We're taking our cue on this from the US' 'Responsibility Deal' scheme, which involved Kellogg, PepsiCo, Unilever and 13 other food mega-brands pledging to trim 1.5tr calories from the annual US food supply by the end of 2015.
Yet in the land of plenty, the pursuit of happiness leaves some with Tom Cruise smiles and buff bodies, but many millions more with the diet and exercise regime of Homer Simpson.
Such encouragement for responsible manufacturing of food and drinks is to be lauded and supported, but the probable success of this initiative is best summed up by two words: 'wing' and 'prayer'.
That's because anyone who's been on, say, the Dukan diet, knows that, alongside exercise, the best way to cut calories is to avoid processed, fat-rich, sugary foods altogether.
So, you don't choose a lower-calorie cereal; you don't have cereal, full stop. Whole sections of the supermarket are forbidden for people on such diets. Good for the figure, but not good for grocers' bottom line.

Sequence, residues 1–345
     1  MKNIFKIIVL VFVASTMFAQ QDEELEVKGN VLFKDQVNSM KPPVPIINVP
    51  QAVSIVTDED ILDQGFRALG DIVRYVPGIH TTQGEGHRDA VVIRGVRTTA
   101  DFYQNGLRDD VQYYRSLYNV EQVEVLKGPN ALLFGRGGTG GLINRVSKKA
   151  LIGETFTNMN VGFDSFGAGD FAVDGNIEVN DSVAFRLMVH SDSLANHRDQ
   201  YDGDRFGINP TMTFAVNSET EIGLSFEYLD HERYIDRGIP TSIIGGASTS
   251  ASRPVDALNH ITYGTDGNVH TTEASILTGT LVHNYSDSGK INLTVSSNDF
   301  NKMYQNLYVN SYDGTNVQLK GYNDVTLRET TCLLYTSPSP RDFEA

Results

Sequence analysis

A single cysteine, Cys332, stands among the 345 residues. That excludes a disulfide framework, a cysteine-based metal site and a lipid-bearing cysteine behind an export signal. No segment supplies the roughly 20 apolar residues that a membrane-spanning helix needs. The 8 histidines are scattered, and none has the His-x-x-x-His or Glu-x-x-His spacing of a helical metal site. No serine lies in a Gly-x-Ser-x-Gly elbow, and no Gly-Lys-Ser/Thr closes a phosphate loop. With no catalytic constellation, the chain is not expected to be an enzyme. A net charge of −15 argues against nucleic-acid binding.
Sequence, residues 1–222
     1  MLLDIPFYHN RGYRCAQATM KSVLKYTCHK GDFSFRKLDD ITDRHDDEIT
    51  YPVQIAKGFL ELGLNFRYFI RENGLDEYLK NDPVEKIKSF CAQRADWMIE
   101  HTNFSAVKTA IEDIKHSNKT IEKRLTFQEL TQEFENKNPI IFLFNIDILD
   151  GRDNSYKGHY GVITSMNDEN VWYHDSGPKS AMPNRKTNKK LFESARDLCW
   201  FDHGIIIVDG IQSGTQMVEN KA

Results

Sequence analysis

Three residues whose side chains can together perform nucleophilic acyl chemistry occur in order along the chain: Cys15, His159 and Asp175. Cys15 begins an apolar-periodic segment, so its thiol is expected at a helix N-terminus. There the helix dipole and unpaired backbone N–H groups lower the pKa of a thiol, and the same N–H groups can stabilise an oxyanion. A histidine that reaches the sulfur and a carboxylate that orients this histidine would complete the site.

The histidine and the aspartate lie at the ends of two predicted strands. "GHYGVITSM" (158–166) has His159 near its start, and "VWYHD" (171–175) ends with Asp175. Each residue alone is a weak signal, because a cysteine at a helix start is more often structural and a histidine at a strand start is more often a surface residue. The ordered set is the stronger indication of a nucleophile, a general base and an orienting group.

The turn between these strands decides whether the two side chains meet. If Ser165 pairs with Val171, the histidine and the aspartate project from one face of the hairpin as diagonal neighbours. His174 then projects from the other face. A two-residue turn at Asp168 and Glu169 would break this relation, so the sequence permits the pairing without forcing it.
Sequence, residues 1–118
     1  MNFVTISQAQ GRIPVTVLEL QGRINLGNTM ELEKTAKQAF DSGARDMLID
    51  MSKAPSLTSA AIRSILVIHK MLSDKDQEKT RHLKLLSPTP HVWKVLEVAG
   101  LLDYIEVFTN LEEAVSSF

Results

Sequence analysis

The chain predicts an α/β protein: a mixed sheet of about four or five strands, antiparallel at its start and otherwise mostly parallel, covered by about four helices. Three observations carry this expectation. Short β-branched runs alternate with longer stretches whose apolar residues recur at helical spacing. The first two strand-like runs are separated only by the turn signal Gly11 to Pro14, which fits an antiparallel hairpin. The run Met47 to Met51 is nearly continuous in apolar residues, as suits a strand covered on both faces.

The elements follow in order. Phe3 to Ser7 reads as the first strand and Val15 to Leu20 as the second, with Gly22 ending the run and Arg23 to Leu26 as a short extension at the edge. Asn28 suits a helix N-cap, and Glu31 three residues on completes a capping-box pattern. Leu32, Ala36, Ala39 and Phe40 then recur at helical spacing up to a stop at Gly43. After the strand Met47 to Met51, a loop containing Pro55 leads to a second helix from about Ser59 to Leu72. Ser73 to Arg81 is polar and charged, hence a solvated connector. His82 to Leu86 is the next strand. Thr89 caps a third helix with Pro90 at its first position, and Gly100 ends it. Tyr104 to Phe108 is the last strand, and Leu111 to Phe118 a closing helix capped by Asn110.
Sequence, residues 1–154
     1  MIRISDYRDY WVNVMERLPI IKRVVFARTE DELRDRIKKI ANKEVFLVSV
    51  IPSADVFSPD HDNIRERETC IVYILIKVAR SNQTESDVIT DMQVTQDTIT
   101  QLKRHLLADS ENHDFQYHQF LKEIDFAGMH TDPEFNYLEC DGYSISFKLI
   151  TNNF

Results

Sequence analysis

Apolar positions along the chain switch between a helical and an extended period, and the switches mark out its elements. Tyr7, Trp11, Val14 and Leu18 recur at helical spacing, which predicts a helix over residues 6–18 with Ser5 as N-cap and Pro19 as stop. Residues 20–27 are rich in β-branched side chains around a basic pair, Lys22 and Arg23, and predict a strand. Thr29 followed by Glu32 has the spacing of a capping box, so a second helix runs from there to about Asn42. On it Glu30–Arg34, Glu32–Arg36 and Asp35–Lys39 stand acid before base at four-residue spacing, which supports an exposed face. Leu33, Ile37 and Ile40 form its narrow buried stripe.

Two questions, then.
Will tackling weight and fitness from the 'supply-side' rather than the 'demand-side' work?
I cannot see food and supermarket brands adopting anti-smoking-style health warnings on their calorie-laden but profitable ready meals.
And will this, in the end, become more about being seen to do something?
Wholesome food brands such as Innocent don't need to make a pledge to reduce calories, but then, their products cost more. The risk is that mainstream brands and grocers will use any calorie-reduction drive as window dressing, and not of the low-fat kind.
This article was first published on marketingmagazine.co.uk